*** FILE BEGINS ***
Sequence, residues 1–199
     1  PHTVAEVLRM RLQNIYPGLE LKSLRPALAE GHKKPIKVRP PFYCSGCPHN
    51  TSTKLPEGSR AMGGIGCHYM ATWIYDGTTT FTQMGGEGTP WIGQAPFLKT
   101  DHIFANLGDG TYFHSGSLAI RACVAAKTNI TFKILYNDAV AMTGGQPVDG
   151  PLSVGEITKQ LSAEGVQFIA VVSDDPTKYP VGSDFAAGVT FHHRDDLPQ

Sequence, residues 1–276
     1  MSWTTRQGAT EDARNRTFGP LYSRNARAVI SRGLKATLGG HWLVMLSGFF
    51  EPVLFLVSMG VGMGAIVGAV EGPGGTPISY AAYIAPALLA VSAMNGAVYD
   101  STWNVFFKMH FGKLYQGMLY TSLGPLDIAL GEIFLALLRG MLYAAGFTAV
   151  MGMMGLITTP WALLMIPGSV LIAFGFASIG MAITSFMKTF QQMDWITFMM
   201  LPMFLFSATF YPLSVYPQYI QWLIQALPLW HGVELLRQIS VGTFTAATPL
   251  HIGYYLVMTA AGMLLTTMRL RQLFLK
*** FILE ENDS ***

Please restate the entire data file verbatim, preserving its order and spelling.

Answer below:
Sequence, residues 1–199
     1  PHTVAEVLRM RLQNIYPGLE LKSLRPALAE GHKKPIKVRP PFYCSGCPHN
    51  TSTKLPEGSR AMGGIGCHYM ATWIYDGTTT FTQMGGEGTP WIGQAPFLKT
   101  DHIFANLGDG TYFHSGSLAI RACVAAKTNI TFKILYNDAV AMTGGQPVDG
   151  PLSVGEITKQ LSAEGVQFIA VVSDDPTKYP VGSDFAAGVT FHHRDDLPQ

Sequence, residues 1–276
     1  MSWTTRQGAT EDARNRTFGP LYSRNARAVI SRGLKATLGG HWLVMLSGFF
    51  EPVLFLVSMG VGMGAIVGAV EGPGGTPISY AAYIAPALLA VSAMNGAVYD
   101  STWNVFFKMH FGKLYQGMLY TSLGPLDIAL GEIFLALLRG MLYAAGFTAV
   151  MGMMGLITTP WALLMIPGSV LIAFGFASIG MAITSFMKTF QQMDWITFMM
   201  LPMFLFSATF YPLSVYPQYI QWLIQALPLW HGVELLRQIS VGTFTAATPL
   251  HIGYYLVMTA AGMLLTTMRL RQLFLK